Quick. Think back to this weekend’s services. Before. During. After. As you were walking through the hallways. As you were mingling in the lobby. As you were putting out fires and tweaking last minute plans and filling a spot for a no-show volunteer.
If I were to hand you a marker and a whiteboard and ask Who did you speak to?, how many names could you list? How many hands did you shake, necks did you hug, backs did you pat, high fives did you give? In the middle of all of your tasks, did you take time for touch? As you managed to check off your punch list, did you manage to check in on people?
Now, another question. Perhaps a more convicting question. Instead of who did you speak to, how about who did you speak into? Same basic premise. Crazy different outcome. Speaking into often means that you convey scriptural truth in the middle of heart-wrenching trouble. Speaking into calls courage out of timid hearts. Speaking into prays for needs that people may not fully be able to articulate. Speaking into reminds people that what God revealed as truth in the light is still truth in the darkness. Speaking into goes beyond perfunctory greetings, beyond surface conversations, beyond hey-how-are-ya-how-have-things-been. Speaking into helps people see themselves as God sees them: deeply loved, fully known, cherished, honored.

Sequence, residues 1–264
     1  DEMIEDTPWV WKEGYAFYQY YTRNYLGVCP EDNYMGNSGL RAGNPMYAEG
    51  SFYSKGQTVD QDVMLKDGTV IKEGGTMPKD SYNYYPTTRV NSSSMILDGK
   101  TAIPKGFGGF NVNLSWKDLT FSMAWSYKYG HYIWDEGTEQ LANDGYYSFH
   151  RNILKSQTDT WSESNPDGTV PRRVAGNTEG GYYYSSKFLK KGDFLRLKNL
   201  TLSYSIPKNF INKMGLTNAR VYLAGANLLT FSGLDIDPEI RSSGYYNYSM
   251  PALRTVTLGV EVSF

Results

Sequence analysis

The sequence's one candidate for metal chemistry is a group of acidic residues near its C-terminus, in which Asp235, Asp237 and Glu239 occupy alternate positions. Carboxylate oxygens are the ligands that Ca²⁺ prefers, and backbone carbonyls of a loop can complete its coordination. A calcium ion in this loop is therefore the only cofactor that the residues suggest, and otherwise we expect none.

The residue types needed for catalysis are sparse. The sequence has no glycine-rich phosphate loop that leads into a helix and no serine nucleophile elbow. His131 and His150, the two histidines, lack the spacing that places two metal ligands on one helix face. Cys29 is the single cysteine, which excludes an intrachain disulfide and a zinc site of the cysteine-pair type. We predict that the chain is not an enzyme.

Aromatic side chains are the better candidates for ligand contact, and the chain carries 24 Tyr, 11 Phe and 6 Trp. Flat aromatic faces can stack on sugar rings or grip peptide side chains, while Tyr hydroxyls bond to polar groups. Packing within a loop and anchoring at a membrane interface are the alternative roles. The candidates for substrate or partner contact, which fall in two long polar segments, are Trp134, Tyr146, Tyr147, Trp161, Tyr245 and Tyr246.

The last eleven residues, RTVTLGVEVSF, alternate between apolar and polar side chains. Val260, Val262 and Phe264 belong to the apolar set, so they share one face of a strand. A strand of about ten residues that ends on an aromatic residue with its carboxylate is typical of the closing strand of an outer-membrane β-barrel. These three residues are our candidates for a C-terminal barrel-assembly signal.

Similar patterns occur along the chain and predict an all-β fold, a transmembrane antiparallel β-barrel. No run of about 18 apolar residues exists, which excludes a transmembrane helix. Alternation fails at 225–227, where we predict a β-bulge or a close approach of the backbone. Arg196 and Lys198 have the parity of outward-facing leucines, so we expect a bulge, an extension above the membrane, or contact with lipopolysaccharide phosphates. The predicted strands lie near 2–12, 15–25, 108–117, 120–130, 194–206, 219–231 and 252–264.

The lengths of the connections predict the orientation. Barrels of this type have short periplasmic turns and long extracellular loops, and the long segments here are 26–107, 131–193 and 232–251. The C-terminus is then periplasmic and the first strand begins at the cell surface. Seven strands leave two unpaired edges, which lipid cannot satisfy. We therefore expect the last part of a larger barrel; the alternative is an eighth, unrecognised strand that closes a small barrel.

God help us if we lead out in guest services but don’t lead out in serving guests. Speaking to guests. Speaking into guests. First-time guests, multiple-times guests, covenant members, fellow staff team. God help us if we do our job with precision but never take time with our people.
Who did you speak to is challenging. Who did you speak into is – for me, at least – a downright painful reflection.
It’s not too late. Last Sunday may be over, but another one is coming. This weekend, don’t just speak to people. Speak into them.
photo credit: Sara Davis